Monday, March 23, 2009

Response from the MTA

I got a reply to my e-mail inquiry from the MTA. Unfortunately, it didn't answer my questions, and raised new ones.

This is in response to your recent e-mail to MTA New York City Transit regarding the ability to recycle Unlimited Ride MetroCards.

Supervision in our Department of MetroCard Operations advises that MetroCards may not be recycled through ordinary means due to the type of plastic used to manufacture these cards and the magnetic strip imbedded in the card that is used for encoding its value. However, New York City Transit has already implemented a program to collect used MetroCards. This program involves the installation of MetroCard receptacles on the sides of the MetroCard readers in the subway, with signs attached to these receptacles to attract customers’ attention. These receptacles have been installed in all of our stations for the convenience of our customers.

If you have other transit-related concerns, you may call Customer Services at (718) 330-3322, Monday through Friday, 9:00 a.m. to 5:00 p.m. or write to Customer Services at 2 Broadway, RM A11.146, New York, NY 10004.

We take the concerns of our customers very seriously and thank you.

La Wanda C. Green
Associate Transit Customer Service Specialist II

Well, actually I didn't ask about recycling. I asked about REFILLING. Why can't the unlimited cards be refilled? And now I also want to know:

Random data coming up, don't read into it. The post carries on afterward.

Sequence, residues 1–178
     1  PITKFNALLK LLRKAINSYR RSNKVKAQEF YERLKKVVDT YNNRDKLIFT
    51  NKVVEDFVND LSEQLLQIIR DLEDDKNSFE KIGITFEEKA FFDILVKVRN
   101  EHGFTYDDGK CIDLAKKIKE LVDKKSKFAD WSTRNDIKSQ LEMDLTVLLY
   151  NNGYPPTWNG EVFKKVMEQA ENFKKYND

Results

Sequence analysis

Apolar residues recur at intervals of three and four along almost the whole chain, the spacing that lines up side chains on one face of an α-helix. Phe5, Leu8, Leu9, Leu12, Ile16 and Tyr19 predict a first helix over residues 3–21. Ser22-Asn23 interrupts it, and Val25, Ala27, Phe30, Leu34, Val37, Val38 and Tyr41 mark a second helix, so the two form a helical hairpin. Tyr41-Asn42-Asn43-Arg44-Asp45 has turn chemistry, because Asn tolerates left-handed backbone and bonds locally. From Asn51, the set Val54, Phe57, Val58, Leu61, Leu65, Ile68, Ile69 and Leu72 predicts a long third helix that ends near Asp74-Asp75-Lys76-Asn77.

- what kind of plastic are the cards made from?
- what happens to the used cards that are collected in the Metrocard receptacles? Are they re-used? Recycled? If not, why bother collecting them, why not put out an extra trash can?


The Green Cat said...

It's also interesting to note that many of those collection bins have no bottoms so you drop your expended card into it only to have it fall out the bottom and end up on the floor. Please keep us posted, Juli, on what you find out about the MTA's "recycling" of these cards. If they really are reusing or recycling them, I'd like to see deposit bins placed at turnstiles, which is where many empty metrocards are discarded.

Juli said...

I found a possible answer at a discussion board:

"The reason cards expire and you can not refill unlimited cards is related to the serial number and how the computer system banns cards.
The turnstiles are not a problem as the station computer updates them every 6 minutes and the station computer updates from the mainframe.
The issue is with the fareboxes on the buses and how they are updated and the length it takes the load the ban list of metrocards during a probe.
Expiration and non-refill on cards are much easier then loading them to the ban list."

This makes sense to me. I knew it had to be something like that- where the sensible fix is expensive . But I still plan on asking the MTA why they don't refill the Unlimiteds. AND what they do with the used cars they collect.

As for the collection boxes with no bottoms- they may have been vandalized to get at the cards inside. If you've ever seen people with stacks of cards, swiping them to check for balances-- they take cards with small balances that are frequently discarded and transfer the small amounts to one card. That isn't illegal-- but damaging the boxes to get at them probably is.

--- said...

The better question is why do they use archaic magnetic strip readers and cards? Why not use smaller, re-usable and commerce-creating rfid toggles or ultra-efficient and non-waste creating mobile phone payments?

Why is America stuck in the 1970s and 1980s in terms of its mass transit technology?